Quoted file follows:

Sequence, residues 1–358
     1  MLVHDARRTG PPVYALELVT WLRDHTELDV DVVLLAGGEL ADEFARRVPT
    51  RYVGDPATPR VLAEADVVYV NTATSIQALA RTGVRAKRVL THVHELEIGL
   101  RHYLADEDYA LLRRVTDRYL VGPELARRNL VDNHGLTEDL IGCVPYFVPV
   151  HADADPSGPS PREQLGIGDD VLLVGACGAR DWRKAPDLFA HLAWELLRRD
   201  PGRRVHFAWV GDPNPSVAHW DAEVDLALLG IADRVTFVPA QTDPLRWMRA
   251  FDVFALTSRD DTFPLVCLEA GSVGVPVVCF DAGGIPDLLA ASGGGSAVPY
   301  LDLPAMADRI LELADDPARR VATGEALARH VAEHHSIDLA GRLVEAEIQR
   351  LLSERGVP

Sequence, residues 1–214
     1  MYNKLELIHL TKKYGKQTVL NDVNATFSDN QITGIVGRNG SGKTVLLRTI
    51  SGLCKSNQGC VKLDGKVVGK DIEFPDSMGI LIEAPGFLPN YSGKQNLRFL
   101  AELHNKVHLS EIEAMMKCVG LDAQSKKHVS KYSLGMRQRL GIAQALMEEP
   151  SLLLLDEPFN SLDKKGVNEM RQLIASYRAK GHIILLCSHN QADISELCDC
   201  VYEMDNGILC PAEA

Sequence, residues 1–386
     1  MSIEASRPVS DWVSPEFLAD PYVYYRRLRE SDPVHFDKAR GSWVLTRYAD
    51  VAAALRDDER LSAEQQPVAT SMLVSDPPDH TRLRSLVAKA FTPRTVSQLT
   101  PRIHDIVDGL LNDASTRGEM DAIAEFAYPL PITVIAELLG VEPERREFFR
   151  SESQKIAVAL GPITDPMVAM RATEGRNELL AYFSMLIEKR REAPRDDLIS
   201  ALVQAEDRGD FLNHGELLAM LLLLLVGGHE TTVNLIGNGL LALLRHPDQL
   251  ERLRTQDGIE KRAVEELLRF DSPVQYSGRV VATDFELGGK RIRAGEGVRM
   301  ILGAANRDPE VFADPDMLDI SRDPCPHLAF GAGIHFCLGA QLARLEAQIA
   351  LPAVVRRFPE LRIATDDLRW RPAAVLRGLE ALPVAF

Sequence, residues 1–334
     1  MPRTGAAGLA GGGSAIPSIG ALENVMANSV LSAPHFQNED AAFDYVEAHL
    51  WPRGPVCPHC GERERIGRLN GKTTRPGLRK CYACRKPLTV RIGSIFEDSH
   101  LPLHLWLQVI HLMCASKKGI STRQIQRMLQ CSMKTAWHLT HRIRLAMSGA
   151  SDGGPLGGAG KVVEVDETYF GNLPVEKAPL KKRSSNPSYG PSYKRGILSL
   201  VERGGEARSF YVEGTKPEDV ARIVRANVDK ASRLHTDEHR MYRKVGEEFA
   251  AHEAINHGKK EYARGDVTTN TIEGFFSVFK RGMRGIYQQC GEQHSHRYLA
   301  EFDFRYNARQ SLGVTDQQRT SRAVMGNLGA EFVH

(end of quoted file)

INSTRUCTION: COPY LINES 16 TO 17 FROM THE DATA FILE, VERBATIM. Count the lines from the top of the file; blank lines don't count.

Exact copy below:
Sequence, residues 1–386
     1  MSIEASRPVS DWVSPEFLAD PYVYYRRLRE SDPVHFDKAR GSWVLTRYAD